International Studies & Programs

Why I donated to JCMU

Japan Center for Michigan Universities alum, Brenton Sellati, reflects on his time at JCMU and why he contributed to the JCMU CrowdPower campaign

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Published: Monday, 13 Sep 2021 Author: Brenton Sellati

(This reflection was written by Brenton Sellati, a donor to the 'Help Rescue JCMU!' CrowdPower campaign.)

In October 2004 I was a sophomore at the University of Massachusetts, Amherst majoring in Japanese Language and Literature. I began studying Japanese motivated by a desire to build a career in international business. I felt an important part of doing that was speaking a foreign language, and I had always been drawn to Japanese culture.

The only problem was that after one year of solid "B" grades during my freshman year, I was struggling to keep pace with my intensive Japanese classes and was on a trajectory to fail. I decided to withdraw to avoid the hit to my GPA, and resolved to pivot to a new major—perhaps applying to the business school. 

As I was walking out of the administration building after submitting the paperwork to withdraw from Japanese language courses, I bumped into Martin "Marty" Holman. Marty taught a mix of high-level graduate translation and entry-level culture courses in the Japanese department. I was in one of his classes for the latter—'Japanese Fiction Through Film.' We struck up a conversation, and my being in the administration building to withdraw from Japanese language study quickly came up.

Marty strongly encouraged me to stick with Japanese and felt I would benefit from a more immersive cultural experience studying abroad in Japan. He had previously worked at the Japan Center for Michigan Universities and offered to sponsor my application to study in the spring 2005 semester, starting in January, if I submitted an application within a week. It was early October; if I said yes, I would be shipping off to Japan in less than three months. This was a critical juncture in my life—I had to decide whether to double-down on Japanese (which I was currently failing at) by committing a semester to studying abroad in Japan, or searching for a new path. I decided to double down and submitted my application.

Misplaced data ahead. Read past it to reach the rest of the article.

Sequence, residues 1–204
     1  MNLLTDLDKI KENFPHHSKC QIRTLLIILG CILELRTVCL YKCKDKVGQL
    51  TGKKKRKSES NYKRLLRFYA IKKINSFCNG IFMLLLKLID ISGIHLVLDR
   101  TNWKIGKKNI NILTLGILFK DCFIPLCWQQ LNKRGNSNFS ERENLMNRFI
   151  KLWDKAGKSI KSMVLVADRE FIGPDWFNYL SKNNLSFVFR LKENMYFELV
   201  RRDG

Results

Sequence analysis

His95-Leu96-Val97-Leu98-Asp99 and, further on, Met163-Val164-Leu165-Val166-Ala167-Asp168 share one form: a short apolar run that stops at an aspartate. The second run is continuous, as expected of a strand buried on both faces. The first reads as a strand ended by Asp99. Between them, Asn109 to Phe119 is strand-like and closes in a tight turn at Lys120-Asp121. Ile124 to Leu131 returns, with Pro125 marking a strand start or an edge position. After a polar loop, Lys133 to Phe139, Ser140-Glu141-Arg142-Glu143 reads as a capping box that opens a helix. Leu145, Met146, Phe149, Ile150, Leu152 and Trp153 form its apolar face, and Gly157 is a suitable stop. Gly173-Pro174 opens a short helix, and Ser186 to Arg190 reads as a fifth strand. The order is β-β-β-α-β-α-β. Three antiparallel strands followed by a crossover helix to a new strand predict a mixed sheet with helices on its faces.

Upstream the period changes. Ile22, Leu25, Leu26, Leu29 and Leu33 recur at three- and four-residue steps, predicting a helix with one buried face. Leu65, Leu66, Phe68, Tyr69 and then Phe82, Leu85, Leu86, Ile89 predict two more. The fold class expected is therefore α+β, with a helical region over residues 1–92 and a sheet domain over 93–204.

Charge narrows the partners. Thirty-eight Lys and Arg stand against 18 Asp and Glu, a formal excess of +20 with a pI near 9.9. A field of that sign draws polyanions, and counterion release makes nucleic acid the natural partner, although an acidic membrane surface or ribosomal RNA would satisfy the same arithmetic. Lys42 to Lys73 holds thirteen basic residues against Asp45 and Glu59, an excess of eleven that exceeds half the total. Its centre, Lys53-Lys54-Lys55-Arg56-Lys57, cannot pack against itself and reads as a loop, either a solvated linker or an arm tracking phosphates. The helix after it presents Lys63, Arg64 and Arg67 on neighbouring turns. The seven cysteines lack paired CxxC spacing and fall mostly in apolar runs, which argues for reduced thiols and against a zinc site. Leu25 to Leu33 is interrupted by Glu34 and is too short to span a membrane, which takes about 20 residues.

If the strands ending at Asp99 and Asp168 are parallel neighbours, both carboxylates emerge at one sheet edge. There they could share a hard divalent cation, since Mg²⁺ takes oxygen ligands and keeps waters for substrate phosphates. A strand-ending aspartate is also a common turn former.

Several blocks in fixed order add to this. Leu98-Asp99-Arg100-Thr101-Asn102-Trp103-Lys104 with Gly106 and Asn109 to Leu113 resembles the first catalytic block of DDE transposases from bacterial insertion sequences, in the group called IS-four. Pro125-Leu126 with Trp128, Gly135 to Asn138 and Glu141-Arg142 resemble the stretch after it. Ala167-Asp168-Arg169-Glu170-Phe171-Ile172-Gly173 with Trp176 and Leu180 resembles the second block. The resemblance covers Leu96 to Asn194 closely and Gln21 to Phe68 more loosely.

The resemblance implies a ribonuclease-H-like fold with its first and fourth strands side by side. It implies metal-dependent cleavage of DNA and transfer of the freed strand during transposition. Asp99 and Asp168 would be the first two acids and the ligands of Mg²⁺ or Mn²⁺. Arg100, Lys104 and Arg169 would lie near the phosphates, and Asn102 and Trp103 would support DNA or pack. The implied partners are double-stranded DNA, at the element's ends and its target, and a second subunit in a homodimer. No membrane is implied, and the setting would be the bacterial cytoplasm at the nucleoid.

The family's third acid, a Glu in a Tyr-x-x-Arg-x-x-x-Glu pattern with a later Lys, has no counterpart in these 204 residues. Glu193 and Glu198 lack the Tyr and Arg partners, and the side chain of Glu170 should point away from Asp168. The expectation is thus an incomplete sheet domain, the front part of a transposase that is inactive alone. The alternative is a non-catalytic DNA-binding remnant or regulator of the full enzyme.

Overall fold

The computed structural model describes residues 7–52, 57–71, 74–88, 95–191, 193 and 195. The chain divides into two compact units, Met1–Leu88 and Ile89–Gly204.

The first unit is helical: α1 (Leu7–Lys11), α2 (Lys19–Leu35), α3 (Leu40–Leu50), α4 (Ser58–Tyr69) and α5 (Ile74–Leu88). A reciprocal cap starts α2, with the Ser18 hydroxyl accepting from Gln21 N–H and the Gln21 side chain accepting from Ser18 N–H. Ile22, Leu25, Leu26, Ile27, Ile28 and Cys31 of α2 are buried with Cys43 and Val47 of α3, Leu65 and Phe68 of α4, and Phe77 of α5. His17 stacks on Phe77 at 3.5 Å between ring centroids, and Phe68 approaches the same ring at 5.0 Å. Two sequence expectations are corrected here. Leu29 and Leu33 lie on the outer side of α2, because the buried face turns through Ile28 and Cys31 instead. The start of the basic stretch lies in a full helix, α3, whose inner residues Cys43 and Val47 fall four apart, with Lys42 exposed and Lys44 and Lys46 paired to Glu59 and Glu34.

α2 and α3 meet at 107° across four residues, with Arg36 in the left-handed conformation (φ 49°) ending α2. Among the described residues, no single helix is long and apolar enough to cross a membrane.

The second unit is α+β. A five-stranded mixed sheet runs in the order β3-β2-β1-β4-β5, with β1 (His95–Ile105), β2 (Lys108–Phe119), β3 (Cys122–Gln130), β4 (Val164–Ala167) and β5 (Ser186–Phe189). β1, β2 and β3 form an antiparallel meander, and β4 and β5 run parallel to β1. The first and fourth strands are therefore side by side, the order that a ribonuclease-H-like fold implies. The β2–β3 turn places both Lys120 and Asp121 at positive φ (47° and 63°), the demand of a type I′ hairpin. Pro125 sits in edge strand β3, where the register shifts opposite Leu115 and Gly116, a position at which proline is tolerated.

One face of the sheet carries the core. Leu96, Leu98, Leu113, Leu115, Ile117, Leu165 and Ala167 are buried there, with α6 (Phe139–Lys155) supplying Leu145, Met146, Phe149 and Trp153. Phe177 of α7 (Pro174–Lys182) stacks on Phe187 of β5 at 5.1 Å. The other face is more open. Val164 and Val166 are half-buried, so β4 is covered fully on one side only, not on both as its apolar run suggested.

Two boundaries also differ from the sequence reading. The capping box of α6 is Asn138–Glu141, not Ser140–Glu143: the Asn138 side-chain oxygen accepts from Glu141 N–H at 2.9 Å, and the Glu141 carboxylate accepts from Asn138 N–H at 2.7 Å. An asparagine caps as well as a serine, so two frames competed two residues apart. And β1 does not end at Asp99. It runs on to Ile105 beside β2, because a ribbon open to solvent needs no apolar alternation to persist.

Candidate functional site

man holding cat
Sellati at his Japanese host family's house

I arrived at JCMU on January 4th, 2005, committed to immersing myself and going all-in on my studies. I lived with a host family along with another student. It was a 25-minute bike ride from JCMU, which was often cold given the time of year. The house had no central heating, which was normal, so we studied in our rooms using desk lamps and kerosene heaters. At night, when the heaters went off, we bundled into layers of blankets, wearing sweatshirts and sweatpants for extra warmth. I often saw my breath misting in the air when I woke up in the mornings.

My host mother Etsuko was a housewife whose children had grown up and moved next door. Her husband was a member of the Japanese Communist Party and something of a curmudgeon. She was very open-minded and maternal, and had begun hosting JCMU students several years prior as a way to share her home as well as stay sane given her empty nester phase of life. She was wonderful. We had many deep conversations over green tea, ate many meals together sharing a kotatsu (low heated table) and played ping pong regularly.